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Combined Use of Condoms with Other Contraceptive Methods Among Inner-City Baltimore Women

John S. Santelli, Mary Davis, David D. Celentano, Aria Davis Crump and LaWanda G. Burwell
Family Planning Perspectives
Vol. 27, No. 2 (Mar. - Apr., 1995), pp. 74-78
Published by: Guttmacher Institute
DOI: 10.2307/2135909
Stable URL: http://www.jstor.org/stable/2135909
Page Count: 5
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Since scans are not currently available to screen readers, please contact JSTOR User Support for access. We'll provide a PDF copy for your screen reader.
Combined Use of Condoms with Other Contraceptive Methods Among Inner-City Baltimore Women
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Abstract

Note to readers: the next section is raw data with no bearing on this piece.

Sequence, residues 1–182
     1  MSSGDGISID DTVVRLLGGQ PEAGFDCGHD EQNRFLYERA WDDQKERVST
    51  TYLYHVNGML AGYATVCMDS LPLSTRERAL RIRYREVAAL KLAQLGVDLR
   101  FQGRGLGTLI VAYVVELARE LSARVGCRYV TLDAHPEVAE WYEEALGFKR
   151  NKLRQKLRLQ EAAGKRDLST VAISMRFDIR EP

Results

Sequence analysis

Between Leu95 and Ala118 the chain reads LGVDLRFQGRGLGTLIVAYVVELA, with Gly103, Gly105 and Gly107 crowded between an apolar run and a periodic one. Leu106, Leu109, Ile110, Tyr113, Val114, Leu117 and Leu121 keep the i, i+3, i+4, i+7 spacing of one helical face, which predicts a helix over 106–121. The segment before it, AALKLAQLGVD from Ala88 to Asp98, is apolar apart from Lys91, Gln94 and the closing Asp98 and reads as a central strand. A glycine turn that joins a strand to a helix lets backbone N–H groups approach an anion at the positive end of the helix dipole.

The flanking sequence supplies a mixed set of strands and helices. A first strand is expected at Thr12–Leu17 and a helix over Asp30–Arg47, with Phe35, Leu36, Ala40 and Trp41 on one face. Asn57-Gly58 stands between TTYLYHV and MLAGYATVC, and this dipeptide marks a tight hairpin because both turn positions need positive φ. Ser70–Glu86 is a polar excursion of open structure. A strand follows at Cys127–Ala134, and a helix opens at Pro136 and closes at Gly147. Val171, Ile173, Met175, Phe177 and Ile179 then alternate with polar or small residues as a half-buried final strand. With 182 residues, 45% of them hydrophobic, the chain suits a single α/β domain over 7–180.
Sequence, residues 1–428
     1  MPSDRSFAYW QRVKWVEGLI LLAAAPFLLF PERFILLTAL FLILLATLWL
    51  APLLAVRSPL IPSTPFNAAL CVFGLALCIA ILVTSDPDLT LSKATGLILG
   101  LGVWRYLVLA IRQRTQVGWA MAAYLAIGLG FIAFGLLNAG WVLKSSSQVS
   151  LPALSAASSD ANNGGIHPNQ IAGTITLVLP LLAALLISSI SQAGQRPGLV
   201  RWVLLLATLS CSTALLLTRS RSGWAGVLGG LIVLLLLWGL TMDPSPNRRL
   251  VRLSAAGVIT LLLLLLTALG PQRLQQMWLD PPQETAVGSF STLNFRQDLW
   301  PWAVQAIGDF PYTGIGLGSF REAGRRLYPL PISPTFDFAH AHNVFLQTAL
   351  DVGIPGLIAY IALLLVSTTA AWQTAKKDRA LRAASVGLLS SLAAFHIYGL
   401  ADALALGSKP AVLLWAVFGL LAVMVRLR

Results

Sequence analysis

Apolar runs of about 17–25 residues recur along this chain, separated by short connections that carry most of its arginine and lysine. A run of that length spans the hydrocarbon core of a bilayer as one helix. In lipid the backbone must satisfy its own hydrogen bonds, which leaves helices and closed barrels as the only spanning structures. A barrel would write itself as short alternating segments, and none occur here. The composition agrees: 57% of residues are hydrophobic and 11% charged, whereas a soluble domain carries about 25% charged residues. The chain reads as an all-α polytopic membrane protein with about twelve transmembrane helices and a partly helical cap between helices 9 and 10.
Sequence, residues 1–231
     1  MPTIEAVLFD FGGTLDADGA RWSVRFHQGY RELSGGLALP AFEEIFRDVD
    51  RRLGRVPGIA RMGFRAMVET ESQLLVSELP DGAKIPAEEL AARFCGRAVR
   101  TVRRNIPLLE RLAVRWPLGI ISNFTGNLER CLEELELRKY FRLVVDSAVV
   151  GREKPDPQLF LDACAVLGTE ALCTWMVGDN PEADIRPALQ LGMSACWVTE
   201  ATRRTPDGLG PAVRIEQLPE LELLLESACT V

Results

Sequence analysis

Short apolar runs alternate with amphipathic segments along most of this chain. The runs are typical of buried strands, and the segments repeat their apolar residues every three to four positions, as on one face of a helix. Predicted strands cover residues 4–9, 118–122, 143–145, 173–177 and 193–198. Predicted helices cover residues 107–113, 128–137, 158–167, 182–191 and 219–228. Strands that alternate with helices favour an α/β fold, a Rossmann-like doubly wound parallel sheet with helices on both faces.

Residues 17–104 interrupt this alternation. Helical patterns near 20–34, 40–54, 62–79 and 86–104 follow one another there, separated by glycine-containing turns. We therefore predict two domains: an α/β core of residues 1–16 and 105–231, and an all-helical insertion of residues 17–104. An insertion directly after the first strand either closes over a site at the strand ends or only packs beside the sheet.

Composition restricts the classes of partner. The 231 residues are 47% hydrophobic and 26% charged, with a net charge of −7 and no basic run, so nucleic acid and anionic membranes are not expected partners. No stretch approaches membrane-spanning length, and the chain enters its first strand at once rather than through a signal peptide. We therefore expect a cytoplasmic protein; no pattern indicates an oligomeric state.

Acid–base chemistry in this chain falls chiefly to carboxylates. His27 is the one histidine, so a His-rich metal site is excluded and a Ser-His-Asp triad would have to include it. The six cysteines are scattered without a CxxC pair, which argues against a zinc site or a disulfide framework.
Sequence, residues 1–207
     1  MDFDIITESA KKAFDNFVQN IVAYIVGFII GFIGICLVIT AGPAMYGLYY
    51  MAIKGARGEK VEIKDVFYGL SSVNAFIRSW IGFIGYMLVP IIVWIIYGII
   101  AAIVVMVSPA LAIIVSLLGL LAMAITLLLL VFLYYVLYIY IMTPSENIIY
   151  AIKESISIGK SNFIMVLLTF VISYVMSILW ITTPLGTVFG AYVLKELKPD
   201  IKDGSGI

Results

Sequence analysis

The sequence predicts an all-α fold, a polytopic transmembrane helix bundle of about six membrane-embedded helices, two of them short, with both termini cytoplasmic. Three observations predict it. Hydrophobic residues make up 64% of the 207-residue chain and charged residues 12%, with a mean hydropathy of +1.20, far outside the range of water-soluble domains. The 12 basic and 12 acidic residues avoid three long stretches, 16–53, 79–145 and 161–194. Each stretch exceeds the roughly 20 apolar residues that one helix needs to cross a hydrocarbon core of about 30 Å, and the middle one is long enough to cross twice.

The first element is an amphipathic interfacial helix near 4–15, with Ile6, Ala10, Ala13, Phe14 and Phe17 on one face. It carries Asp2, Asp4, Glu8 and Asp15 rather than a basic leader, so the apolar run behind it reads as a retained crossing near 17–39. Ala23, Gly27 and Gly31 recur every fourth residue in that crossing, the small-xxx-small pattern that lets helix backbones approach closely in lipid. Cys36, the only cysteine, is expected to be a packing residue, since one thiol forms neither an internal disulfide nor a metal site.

Data from a street survey conducted among 717 women aged 17-35 in two inner-city Baltimore communities in 1991-1992 indicate that 17% of the entire sample, 38% of women using the pill and 11% of users of methods other than the pill used a condom in addition to another method the last time they had intercourse. Although adolescents reported the highest rate of combined condom and pill use (22% of 17-19-year-olds), condom use was significantly associated with pill use among adult women (odds ratio of 1.57) but not among adolescents (odds ratio of 1.03). Condom use was negatively associated with use of methods such as the diaphragm, the IUD, the implant and the sponge (odds ratio of 0.21) among both adolescents and adults. Logistic regression analyses show that positive attitudes toward safer sex, ever having refused sex without a condom and believing in condom efficacy all significantly predicted use of the condom with another method. Having ever been tested for HIV was negatively related to combined use, while behavioral risk factors showed no association.

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